The Greek that is rendered as “in his right mind” or “sound-minded” in English is translated as “his mind had returned” (Amganad Ifugao), “his heart was sitting down” (Tojolabal), “his head was healed” (Chicahuaxtla Triqui), “his mind was straightened” (Tzotzil), “with a clear mind again” (Javanese), “come to his senses” (Indonesian) (source for this and all above: Bratcher / Nida), “come to his cleanness/purity” (Marathi), “(his) thoughts having become right” (Ekari), “his intelligence having-become clean again” (Sranan Tongo), “having-mind” (Batak Toba), “settled his mind” (Tae’), “settled/fixed” (Balinese) (source for this and five above: Reiling / Swellengrebel), or “had well-split vision” (Mairasi) (source: Enggavoter 2004).
love (Jesus for young / rich man)
The Greek that is translated as “Jesus loved him” in most English translations is translated as “his heart burned for” in Guerrero Amuzgo, “he hurt in his heart” (Tzeltal), “his heart went away with” (Mitla Zapotec), “his abdomen died for him” (Western Kanjobal), “his thoughts were toward him” (Cashibo-Cacataibo), “put him in his heart” (Toro So Dogon) (source for all above: Bratcher / Nida), “desired his face” (Mairasi) (source: Enggavoter 2004).
See also love (by God).
cares of the world, worries of this age
The Greek that is translated as “worries (or: cares) of the world (or: this age)” in English is (back-) translated in a number of ways:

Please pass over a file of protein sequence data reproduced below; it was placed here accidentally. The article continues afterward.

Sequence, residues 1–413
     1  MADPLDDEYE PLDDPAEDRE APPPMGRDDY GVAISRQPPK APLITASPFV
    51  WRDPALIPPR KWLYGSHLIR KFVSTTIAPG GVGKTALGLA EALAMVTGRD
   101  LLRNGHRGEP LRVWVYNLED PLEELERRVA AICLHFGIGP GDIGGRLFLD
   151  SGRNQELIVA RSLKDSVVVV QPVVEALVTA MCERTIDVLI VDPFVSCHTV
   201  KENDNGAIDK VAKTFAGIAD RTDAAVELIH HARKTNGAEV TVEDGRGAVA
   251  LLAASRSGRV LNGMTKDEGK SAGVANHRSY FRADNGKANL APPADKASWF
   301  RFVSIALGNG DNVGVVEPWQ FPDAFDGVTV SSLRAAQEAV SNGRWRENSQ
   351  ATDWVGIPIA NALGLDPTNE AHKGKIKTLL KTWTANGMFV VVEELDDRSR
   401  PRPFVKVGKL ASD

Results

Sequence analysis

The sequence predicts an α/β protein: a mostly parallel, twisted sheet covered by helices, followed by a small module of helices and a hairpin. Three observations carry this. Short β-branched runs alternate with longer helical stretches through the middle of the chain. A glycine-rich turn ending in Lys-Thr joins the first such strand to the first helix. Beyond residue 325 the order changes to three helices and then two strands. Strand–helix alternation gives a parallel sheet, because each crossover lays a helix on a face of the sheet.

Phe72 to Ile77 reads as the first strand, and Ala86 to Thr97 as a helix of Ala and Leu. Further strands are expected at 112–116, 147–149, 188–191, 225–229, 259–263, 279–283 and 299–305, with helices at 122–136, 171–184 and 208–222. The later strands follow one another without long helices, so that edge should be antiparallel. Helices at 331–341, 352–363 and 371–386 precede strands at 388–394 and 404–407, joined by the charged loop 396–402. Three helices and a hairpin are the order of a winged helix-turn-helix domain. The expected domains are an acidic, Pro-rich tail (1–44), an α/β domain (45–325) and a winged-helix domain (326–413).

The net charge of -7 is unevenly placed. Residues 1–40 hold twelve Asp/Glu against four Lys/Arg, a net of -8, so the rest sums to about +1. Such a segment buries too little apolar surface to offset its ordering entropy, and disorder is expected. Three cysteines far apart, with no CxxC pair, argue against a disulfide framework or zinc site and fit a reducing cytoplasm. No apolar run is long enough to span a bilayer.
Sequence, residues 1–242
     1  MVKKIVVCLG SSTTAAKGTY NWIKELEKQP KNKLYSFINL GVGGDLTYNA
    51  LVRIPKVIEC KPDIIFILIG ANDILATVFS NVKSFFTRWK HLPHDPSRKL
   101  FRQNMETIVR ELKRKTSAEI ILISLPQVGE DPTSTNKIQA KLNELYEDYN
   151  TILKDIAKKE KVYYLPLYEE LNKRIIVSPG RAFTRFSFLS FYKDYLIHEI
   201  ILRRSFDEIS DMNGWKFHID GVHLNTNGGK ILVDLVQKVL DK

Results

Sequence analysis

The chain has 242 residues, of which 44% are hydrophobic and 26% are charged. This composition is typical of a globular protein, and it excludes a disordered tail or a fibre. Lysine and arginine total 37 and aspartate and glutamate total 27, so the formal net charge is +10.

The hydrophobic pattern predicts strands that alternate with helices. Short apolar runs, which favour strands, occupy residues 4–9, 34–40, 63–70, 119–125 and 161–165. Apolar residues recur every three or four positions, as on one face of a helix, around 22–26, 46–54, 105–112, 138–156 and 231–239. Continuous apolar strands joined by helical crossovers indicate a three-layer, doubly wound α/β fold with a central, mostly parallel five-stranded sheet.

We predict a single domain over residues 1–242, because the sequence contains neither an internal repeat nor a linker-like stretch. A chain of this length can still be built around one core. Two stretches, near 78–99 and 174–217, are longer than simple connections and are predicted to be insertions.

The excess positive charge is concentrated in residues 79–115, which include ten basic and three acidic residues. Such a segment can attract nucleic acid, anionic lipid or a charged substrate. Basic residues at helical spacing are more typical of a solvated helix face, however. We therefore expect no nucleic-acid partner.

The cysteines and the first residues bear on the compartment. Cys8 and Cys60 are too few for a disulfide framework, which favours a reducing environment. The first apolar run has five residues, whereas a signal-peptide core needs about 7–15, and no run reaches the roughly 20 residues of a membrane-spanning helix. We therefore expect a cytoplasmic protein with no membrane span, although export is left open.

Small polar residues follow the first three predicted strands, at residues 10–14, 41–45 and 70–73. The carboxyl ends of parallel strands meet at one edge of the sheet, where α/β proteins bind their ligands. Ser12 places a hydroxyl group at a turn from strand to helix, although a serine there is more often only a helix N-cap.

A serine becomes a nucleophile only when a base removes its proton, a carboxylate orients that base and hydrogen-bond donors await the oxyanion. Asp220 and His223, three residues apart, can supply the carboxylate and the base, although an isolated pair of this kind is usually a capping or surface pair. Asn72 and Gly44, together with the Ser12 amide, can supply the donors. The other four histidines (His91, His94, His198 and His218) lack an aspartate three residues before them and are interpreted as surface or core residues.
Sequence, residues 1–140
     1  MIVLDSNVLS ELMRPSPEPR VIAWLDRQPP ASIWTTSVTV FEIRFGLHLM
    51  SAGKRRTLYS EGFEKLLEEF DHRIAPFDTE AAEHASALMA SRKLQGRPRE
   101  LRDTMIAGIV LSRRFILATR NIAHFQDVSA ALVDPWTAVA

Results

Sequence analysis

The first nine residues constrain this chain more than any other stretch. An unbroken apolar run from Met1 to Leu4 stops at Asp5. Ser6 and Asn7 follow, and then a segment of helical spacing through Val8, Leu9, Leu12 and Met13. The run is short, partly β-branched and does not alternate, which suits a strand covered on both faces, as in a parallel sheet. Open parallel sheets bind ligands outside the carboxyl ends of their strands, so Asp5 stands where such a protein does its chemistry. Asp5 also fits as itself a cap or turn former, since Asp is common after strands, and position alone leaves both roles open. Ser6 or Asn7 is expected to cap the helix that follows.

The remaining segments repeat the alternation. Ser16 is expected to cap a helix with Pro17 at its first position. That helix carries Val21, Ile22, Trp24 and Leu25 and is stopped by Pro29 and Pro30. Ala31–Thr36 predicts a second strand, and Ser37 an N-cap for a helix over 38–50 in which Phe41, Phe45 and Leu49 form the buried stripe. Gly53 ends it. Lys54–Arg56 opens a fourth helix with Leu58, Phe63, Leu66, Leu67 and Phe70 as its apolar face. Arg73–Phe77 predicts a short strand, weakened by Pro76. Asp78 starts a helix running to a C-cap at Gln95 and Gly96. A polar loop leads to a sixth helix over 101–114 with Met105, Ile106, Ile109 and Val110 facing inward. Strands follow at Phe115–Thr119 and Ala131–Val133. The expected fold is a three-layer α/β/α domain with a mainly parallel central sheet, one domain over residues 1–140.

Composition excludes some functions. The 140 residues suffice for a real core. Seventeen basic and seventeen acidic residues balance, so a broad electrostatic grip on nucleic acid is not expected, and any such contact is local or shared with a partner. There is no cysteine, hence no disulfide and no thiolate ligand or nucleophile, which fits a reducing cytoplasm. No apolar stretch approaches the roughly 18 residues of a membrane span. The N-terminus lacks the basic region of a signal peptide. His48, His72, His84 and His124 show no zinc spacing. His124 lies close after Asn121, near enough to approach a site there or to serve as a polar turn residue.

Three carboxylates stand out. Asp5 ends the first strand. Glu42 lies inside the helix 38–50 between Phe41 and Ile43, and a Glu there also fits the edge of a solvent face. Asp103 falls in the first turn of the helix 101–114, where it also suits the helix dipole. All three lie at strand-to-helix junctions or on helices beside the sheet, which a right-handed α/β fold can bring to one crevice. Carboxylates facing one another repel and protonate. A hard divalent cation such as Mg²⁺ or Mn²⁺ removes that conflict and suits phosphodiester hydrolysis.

- Kekchí: “they think very much about these days now”
- Farefare: “they begin to worry about this world-things”
- Tzeltal: “their hearts are gone doing what they do when they pass through world” (where the last phrase is an idiomatic equivalent for “this life”
- Mitla Zapotec and San Mateo del Mar Huave: “they think intensely about things in this world”
- Eastern Highland Otomi and Pamona: “the longing for this world”
- Tzotzil: “they are very occupied about things in the world”
- Central Tarahumara: “they are very much afraid about what will happen in the world”
- Shilluk: “the heavy talk about things in the world”
See also end of the age / end of the world.
The Greek that is translated into English as “vain” or “in vain” in English is (back-) translated in various ways:
- Cashibo-Cacataibo: “say I am important, but they do not believe it”
- Kekchí: “has no meaning when they praise me”
- Toraja-Sa’dan, Pamona: “uselessly”
- Copainalá Zoque: “uselessly they remember”
- Farefare: “their religion is their mouth”
- Southern Subanen: “their worship has no meaning”
- Tzotzil: “they say they love me, but this means nothing”
- Southern Bobo Madaré: “they worship me but they do not mean what they say”
- Central Mazahua: “it is of no value that they honor me”